British Prime Minister David Cameron has said that GCHQ (Government Communications Headquarters), the British data gathering agency, has been acting within the law after The Guardian reported that GCHQ has access to data obtained by the National Security Agency as part of the PRISM program. The British government has not confirmed or denied GCHQ had access to the program.
Cameron's recent statements come after President Obama sought to reassure Americans that the NSA's activities have plenty of oversight and political approval, saying that the programs are authorized by Congress and overseen by federal judges.
Unfortunately for Cameron and Obama many people are not going to be reassured by the fact that intelligence agencies have been obeying laws or that their behavior is repeatedly authorized or scrutinized by legislators. Many of the laws that empower intelligence agencies, such as the PATRIOT Act and the U.K.'s RIP Act of 2000, allow for these organizations to violate innocent people's privacy. That politicians are consistently willing to reauthorize and vote for these laws is as worrying as the surveillance carried out by agencies like the NSA and GCHQ.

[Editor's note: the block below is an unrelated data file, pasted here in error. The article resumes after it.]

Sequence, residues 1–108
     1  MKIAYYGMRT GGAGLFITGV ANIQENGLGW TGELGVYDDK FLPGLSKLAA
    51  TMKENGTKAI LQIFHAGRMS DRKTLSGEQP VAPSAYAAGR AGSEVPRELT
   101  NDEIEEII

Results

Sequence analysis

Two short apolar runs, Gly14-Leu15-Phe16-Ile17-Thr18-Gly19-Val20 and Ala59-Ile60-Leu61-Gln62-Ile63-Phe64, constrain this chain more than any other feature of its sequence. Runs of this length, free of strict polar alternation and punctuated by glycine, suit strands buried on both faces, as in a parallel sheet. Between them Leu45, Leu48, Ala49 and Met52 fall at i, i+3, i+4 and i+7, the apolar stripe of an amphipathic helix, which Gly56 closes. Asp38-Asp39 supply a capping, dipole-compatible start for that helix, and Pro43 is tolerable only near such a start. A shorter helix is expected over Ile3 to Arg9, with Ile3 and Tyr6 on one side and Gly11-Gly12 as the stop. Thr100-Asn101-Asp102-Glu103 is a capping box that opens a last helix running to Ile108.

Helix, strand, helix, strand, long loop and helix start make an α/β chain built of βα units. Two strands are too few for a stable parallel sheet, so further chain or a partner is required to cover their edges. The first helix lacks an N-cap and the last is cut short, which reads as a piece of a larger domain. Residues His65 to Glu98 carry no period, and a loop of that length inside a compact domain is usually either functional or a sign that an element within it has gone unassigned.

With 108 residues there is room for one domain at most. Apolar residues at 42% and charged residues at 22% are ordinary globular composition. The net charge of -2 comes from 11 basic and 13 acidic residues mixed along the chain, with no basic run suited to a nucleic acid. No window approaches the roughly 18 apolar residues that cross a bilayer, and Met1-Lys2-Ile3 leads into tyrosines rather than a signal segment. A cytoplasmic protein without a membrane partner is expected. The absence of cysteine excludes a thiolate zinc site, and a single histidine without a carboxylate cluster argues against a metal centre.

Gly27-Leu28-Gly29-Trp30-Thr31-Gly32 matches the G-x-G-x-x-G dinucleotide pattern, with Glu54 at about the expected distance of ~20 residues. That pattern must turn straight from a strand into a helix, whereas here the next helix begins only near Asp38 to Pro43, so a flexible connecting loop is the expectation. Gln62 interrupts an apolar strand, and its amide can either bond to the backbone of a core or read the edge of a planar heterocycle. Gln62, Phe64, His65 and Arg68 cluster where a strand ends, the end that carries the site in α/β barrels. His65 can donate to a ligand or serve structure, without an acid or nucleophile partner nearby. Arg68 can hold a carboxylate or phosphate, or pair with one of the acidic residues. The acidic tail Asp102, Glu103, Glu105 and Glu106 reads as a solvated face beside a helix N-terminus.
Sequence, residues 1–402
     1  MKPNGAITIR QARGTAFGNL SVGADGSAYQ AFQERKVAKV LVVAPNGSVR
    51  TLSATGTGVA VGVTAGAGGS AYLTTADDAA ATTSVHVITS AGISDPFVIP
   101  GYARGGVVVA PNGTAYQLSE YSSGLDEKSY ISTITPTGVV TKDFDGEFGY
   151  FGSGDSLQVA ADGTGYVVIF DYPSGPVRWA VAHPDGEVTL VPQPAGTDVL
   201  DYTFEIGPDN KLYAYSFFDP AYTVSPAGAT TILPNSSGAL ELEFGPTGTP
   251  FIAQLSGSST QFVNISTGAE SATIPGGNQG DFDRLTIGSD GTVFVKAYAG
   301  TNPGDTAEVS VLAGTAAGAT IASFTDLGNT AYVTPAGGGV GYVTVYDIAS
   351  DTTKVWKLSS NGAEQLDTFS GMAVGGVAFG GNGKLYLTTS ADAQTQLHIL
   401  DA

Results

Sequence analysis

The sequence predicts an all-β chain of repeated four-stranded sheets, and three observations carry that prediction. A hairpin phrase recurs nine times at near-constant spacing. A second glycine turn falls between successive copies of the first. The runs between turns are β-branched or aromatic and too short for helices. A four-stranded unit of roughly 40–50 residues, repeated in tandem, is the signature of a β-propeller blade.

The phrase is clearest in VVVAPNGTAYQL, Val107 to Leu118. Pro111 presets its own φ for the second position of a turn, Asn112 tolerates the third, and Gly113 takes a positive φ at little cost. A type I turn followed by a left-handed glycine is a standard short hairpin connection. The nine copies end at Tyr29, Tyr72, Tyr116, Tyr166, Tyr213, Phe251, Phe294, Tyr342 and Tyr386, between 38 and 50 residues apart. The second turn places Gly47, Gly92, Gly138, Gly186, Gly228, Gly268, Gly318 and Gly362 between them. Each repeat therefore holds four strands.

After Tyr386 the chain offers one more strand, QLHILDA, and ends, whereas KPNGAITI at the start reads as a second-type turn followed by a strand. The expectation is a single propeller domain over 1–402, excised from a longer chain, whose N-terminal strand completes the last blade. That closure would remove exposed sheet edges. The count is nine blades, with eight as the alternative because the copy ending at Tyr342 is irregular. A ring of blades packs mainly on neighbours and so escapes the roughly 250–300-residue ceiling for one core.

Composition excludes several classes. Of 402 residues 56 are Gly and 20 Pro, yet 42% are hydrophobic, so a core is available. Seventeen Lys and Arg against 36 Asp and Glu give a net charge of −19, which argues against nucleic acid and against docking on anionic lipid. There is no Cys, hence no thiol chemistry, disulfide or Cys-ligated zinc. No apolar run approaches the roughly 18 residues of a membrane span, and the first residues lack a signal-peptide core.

Leaders like Cameron and Obama need to move on from the "it's legal" and "it's authorized" defense. It is the laws that authorize NSA and GCHQ surveillance that are the problem, not their oversight or lack thereof.
Big Brother Watch, the U.K.-based pressure group that works to protect civil liberties and privacy, has published an article on what the NSA scandal means for the U.K. and the dangerous precedent the U.S. is setting:
Given only a few weeks ago the Obama administration accessed records about many Associated Press journalists, far beyond national security concerns, it is important that we know if British citizens have been caught up in the NSA's operations without proper legal basis, or if GCHQ has made specific requests about British citizens to be placed under surveillance.
It should also be of concern to Governments around the world that the US seems to have no qualms hoovering up data from the rest of the world, even if doing the same to its own citizens would be illegal. At a time of international tension about how the internet is policed, several far from democratic states looking to introduce their own monitoring and global unease about cyberwarfare, it seems the US's actions risk setting a dangerous precedent.
The Foreign Secretary has led the debate on internet freedom around the world, and he deserves much praise for this work. However, the US risks undermining this entire agenda with blanket, indiscriminate surveillance of the world's internet use.
British Foreign Secretary William Hague today the following, "It has been suggested that GCHQ uses our partnership with the United States to get around U.K. law, obtaining information that they cannot legally obtain in the United Kingdom. I wish to be absolutely clear that this accusation is baseless."